National Amusements issued a statement saying it is “outraged” by CBS’s lawsuit and the allegations of heavy-handed tactics by Shari Redstone — including the threat of reconstituting the network’s board of directors to force a merger with corporate sibling Viacom.

The family-owned company, which controls nearly 80% of CBS’s voting stock, said it has “no intention of replacing the CBS board or forcing a deal that was not supported by both companies.”

The suit (read it here) in Delaware Court of Chancery alleges breaches of fiduciary duty by National Amusements, the controlling shareholder of both CBS and Viacom. Redstone, who runs National Amusements, has been locked in a struggle with CBS chairman and CEO Leslie Moonves over the company’s merger talks with Viacom. The flare-up comes on an already momentous week for CBS, which is holding its annual upfront presentation to advertisers on Wednesday and convening its annual shareholder meeting Friday.

CBS went to court to prevent National Amusements from “abusing” its voting control over the network or hampering the work of its independent directors in evaluating a potential combination with Viacom.

The suit details alleged meddling on the part of Redstone, including installing the family lawyer, Robert Klieger, on the CBS board to advance her “directives,” acting to “undermine” the CBS management team by speaking to potential replacements for Moonves without board approval and expressing a willingness to replace CBS directors to compel the merger.

In arguing the case for an injunction, the network cites events that preceded Philippe Dauman’s 2016 ouster as chief executive of Viacom, including National Amusements’ move to replace Dauman and four other members of the Viacom board.

“The Special Committee believes Ms. Redstone will follow through on the threats expressed in the media –much like she did in her controversial takeover of the Viacom board in 2016, and will seek to replace CBS’s independent board members and make other changes to CBS’s organizational documents to impede the CBS board,” the suit claims.

National Amusements said that CBS has acknowledged the strategic merits of a potential combination with Viacom and claims the special committees established to evaluate a potential merger have reached a tentative agreement on economic terms.

“Ensuring the long-term success of CBS continues to be NAI’s sole interest. This precipitous lawsuit, and the efforts of CBS management and its ‘independent’ directors to wrest voting control from NAI, are outrageous,” National Amusements said in a statement. “We intend to defend our position vigorously and look forward to presenting our arguments in court.”

National Amusements said it believes CBS’s actions, seeking an injunction to bar Redstone from interfering with a meeting Thursday of its board of directors, stems from an incident involving an unnamed CBS director dating from 2016. The holding company said it has made “every effort to deal with this matter privately and confidentially.  Unfortunately, CBS’s action today continues to enable and empower such conduct.”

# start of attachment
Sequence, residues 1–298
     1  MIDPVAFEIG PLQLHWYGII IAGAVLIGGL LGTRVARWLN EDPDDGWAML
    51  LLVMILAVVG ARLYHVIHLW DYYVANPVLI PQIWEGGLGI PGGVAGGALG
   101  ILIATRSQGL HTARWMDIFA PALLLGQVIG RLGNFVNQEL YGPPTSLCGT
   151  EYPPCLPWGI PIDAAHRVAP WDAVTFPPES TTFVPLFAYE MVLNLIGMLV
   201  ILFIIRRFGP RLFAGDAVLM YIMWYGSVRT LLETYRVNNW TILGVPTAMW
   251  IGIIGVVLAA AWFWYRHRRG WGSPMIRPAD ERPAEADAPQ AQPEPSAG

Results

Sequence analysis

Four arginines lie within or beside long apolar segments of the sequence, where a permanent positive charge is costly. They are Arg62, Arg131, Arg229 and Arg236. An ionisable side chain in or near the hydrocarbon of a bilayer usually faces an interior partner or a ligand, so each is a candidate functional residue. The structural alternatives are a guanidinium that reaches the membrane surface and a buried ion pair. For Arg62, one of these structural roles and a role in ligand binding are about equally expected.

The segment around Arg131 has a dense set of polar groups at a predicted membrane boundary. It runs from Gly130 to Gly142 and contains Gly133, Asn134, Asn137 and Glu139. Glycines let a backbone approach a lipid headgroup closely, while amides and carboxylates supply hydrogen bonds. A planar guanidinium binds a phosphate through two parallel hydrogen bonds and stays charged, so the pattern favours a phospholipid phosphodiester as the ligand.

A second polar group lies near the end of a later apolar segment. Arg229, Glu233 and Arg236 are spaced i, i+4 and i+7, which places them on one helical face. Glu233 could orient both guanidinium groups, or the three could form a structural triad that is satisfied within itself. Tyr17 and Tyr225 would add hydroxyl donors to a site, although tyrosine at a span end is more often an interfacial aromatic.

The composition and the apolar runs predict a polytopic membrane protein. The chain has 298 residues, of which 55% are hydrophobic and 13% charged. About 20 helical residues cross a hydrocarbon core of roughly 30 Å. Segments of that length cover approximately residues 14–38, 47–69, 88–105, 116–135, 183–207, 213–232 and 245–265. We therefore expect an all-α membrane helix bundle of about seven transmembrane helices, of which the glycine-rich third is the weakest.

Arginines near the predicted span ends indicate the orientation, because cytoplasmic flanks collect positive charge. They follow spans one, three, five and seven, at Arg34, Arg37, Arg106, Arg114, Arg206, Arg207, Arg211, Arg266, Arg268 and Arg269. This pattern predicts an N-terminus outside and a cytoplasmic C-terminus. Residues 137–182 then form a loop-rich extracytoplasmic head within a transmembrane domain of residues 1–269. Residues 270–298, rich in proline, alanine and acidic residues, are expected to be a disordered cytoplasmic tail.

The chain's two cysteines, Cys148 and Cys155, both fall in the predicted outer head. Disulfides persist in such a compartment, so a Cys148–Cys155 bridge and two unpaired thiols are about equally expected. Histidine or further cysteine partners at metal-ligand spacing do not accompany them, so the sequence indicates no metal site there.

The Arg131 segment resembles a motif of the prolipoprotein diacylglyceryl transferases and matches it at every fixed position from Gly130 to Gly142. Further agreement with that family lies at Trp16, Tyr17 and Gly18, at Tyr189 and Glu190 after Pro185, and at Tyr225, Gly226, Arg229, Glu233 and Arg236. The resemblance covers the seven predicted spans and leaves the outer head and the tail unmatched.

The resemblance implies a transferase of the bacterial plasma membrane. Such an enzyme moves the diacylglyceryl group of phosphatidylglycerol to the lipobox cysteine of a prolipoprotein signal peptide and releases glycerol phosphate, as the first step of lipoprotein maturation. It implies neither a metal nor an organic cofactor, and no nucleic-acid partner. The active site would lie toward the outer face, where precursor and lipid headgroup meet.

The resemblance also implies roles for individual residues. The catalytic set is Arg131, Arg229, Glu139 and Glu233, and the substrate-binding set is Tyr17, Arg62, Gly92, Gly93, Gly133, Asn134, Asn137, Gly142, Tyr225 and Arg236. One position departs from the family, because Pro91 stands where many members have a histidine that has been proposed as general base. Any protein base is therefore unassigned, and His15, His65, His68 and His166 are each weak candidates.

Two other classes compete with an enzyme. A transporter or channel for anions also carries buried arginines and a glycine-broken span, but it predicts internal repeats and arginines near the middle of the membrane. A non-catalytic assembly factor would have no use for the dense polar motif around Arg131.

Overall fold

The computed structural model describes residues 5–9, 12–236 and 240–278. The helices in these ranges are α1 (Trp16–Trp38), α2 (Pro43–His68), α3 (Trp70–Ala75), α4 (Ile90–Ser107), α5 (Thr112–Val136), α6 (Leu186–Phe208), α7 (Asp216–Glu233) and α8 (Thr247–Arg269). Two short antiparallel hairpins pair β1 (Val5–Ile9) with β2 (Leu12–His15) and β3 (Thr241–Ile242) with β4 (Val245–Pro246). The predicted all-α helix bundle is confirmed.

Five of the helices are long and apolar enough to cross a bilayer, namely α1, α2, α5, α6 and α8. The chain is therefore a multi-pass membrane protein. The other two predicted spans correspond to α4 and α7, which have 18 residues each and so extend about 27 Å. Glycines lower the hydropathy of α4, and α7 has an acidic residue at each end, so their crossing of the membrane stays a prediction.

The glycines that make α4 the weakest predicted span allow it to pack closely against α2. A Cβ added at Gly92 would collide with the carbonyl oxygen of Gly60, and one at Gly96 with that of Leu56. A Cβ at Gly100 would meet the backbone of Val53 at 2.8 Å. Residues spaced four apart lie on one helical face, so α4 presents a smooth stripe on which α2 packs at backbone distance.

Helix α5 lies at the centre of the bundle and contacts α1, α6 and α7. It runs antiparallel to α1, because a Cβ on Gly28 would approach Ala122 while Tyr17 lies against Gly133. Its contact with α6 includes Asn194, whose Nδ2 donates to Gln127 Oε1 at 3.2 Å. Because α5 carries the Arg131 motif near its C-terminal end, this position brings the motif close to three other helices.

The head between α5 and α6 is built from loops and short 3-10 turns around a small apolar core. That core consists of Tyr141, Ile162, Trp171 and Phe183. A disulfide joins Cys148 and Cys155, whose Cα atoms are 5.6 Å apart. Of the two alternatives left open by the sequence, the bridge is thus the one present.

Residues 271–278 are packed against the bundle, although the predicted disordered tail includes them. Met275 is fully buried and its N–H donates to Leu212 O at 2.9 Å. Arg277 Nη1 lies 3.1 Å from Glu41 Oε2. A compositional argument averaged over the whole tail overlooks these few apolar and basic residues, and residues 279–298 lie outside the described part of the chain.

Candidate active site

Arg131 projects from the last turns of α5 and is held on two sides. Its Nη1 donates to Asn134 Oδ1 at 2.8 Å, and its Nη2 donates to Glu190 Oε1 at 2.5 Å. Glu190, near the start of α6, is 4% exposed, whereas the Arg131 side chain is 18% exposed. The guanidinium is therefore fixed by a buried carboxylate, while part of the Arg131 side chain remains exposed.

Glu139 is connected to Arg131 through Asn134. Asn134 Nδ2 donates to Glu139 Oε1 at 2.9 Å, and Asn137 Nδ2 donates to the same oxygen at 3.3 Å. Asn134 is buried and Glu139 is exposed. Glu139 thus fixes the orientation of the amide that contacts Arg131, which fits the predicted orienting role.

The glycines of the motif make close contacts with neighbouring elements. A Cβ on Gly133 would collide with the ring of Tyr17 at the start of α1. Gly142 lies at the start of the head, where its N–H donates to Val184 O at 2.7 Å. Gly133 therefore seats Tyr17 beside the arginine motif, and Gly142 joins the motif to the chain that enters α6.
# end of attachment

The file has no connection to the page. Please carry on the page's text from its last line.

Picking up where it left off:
Neither National Amusements nor CBS would identify the director.

The CBS board called the special meeting, on the eve of Friday’s annual shareholder meeting in New York’s Museum of Modern Art, to consider a move that would diminish Redstone’s control over the company.

The network’s board is evaluating distributing pro-rated shares of Class A voting stock to holders of non-voting Class B shares. The would reduce National Amusements’ voting power to 17%, from its current controlling level of 80%.

“The contemplated dividend would dilute National Amusements’ voting control so that Ms. Redstone is no longer able to block the CBS board from considering appropriate corporate strategies in the interest of all stockholders,” CBS said in its suit.

Here’s the full statement:

“National Amusements (NAI) is outraged by the action taken by CBS and strongly refutes its characterization of recent events.  NAI had absolutely no intention of replacing the CBS board or forcing a deal that was not supported by both companies.  NAI’s conduct throughout supports this, and reflects its commitment to a well-governed process.

CBS itself expressed support for the strategic merits of a combination with Viacom, and it is our understanding that both Special Committees had reached a provisional agreement on economic terms.  NAI believes CBS’s action today was precipitated following NAI raising specific concerns about incidents of bullying and intimidation in relation to one CBS director, dating back to 2016.  NAI has made every effort to deal with this matter privately and confidentially.  Unfortunately, CBS’s action today continues to enable and empower such conduct.

Ensuring the long-term success of CBS continues to be NAI’s sole interest.  This precipitous lawsuit, and the efforts of CBS management and its “independent” directors to wrest voting control from NAI, are outrageous.  We intend to defend our position vigorously and look forward to presenting our arguments in court.”